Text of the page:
Revitalizing the Gulf States Through Clean Energy Development

Detailed Earth. North America. USA. Gulf of Mexico and Florida on a moonlit night

The Gulf of Mexico is one of the most beautiful regions of the United States, and it has always been an economic juggernaut, as well. Its vast waters have given life to vibrant fishing, shipping, and tourism industries, employing millions of residents in Texas, Louisiana, Mississippi, Alabama, and Florida. But its economy is perhaps most closely identified with the oil and gas industries as thousands of oil platforms dot the coastlines.

Gulf States, particularly Texas and Louisiana, are deeply proud of their roles in traditional energy production. In some families, careers in energy have often spanned several generations, and that will continue for many more—largely driven by innovation in the energy sector that, with strong federal support, will add millions of additional jobs in Gulf states.

The region is evolving as an object lesson in the “all of the above” approach to energy. Not only is the Gulf Coast the nation’s top oil producer, its states are also leading on cleaner-burning natural gas,  wind power, and solar energy generation as well as boasting one of the most promising areas for the emerging offshore wind energy industry. This region has always powered our country, and its conservative leaders recognize that it can also be the standard bearer for Clean Energy Forward.

U.S. Senator John Cornyn (R-TX) certainly understands that value; he is one of the most prominent conservative voices supporting both traditional energy and clean energy. This was most recently demonstrated in the senator’s introduction of the Launching Energy Advancement and Development through Innovations for Natural Gas (LEADING) Act, which would incentivize research and development of carbon capture technology for natural gas to ensure a reliable, affordable and environmentally sound energy supply.

Neighboring Louisiana accounts for nearly one-fifth of the nation’s oil refining capacity, but its residents are also concerned with coastal erosion. That’s why U.S. Representative Garett Graves (R-LA) has emerged as a leader among Republicans on the importance of addressing climate change while maintaining America’s economic competitiveness. He was chosen to serve as the top Republican on the U.S. House Select Committee on the Climate Crisis. His appointment reflects his ability to build bridges within the Republican Conference and with Democrats on meaningful solutions.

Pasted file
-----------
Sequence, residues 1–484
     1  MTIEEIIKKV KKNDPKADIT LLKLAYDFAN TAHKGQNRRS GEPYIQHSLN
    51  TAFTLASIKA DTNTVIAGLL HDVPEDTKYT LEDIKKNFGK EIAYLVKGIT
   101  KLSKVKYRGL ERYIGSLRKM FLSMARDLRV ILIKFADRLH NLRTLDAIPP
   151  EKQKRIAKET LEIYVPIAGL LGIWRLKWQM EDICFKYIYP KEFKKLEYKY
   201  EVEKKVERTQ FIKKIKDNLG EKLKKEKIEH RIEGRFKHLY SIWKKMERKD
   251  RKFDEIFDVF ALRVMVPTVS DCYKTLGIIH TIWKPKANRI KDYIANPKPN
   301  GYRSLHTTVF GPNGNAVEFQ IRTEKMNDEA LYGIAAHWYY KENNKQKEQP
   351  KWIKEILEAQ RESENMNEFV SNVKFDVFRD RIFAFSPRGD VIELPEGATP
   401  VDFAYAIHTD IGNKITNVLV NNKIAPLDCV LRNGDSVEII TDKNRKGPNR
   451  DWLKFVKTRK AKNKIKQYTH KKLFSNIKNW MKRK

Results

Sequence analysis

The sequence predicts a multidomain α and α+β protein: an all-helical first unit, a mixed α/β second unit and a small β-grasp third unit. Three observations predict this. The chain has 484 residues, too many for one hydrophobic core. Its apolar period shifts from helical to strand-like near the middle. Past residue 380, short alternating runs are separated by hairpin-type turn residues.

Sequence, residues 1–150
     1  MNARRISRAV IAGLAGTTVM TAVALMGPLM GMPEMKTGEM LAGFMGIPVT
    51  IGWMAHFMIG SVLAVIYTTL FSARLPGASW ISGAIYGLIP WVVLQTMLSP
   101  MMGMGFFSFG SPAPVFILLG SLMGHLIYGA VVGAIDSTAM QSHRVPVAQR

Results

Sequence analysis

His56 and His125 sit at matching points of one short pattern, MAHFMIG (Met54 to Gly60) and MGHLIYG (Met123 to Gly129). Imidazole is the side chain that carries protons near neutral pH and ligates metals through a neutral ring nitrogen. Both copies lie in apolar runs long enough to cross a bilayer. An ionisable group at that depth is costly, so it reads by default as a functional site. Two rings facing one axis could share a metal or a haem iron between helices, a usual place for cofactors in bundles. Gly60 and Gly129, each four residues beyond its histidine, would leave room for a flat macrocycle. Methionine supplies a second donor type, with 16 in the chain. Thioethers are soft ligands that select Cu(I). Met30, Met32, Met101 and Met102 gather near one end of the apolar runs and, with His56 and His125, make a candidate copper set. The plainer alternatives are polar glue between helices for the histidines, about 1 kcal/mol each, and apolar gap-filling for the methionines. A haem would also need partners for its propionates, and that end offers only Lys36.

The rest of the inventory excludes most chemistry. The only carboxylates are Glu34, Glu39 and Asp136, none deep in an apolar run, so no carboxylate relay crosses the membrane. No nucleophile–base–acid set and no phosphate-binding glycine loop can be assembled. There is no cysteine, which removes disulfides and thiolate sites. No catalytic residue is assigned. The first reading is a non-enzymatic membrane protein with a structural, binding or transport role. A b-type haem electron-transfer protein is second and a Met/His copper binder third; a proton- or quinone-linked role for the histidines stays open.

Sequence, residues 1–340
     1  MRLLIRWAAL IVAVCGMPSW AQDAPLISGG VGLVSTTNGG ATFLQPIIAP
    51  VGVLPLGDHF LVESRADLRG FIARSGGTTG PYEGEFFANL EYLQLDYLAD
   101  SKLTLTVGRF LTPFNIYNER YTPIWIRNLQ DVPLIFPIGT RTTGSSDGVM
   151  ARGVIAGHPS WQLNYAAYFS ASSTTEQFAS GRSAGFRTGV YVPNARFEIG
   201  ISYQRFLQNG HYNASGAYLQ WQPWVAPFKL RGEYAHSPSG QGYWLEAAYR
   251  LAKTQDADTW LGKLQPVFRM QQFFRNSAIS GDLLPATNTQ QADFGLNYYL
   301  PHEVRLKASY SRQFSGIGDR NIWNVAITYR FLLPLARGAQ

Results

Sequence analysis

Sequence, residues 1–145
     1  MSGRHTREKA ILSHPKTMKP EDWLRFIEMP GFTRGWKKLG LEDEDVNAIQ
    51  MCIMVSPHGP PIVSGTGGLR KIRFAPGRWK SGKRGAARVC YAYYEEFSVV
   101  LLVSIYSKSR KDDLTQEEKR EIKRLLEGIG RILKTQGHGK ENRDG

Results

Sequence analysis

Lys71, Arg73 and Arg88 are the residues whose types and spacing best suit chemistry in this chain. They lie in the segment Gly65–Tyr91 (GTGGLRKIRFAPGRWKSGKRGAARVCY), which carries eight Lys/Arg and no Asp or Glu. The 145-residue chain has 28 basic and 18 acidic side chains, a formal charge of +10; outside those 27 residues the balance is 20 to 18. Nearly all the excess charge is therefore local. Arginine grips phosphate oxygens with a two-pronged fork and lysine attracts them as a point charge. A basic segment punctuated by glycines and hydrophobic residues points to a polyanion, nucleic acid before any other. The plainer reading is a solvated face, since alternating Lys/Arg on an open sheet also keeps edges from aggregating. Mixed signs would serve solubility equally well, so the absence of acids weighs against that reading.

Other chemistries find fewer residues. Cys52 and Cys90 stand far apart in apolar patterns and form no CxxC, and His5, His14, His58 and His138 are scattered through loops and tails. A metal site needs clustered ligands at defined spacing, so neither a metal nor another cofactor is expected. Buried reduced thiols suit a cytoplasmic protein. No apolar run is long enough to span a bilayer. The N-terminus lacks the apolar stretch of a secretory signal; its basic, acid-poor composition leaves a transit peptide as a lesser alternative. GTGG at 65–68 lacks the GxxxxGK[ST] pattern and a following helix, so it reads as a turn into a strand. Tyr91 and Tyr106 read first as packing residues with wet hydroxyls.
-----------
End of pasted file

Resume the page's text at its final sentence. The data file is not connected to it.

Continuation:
Low-lying Florida is acutely aware of the dangers of climate change, including flooding, and Floridians also recognize that clean energy will be a key part of the state’s economic future as the Florida Department of Economic Opportunity projected solar jobs to grow by over 60% by 2026.

Fortunately, Florida has several powerful conservative voices concerned with solving the problem in a way that helps both the environment and the economy. U.S. Senator Marco Rubio (R-FL), for example, serves on the new Senate Climate Solutions Caucus. In the House, Florida’s Gulf Coast has impressive leadership from both U.S. Representative Matt Gaetz (R-FL), who authored the “Green Real Deal” (the GOP response to the Democrats’ misguided Green New Deal), and U.S. Representative Vern Buchanan (R-FL), who introduced the Energy Storage Tax Incentive and Deployment Act.

Although his district is located on the state’s Atlantic Coast, U.S. Representative Brian Mast (R-FL) is another prominent conservative voice from Florida leading on this issue as a member of the House Transportation and Infrastructure Committee and House Climate Solutions Caucus.

Video clip promoting clean energy released last year by Rep. Gaetz’s office

The Gulf States have been hit hard by the pandemic, but this region is full of resilient people who are unfortunately used to rebuilding after disasters like hurricanes. They will rebound, and their conservative leaders know clean energy development and energy innovation should be an important part of that. An all-of-the-above approach to energy is the principal reason the United States has been able to grow its economy and reduce carbon emissions more than any other country over the past decade, and it’s the key to get hard working Americans back to work and revitalizing the Gulf Coast.

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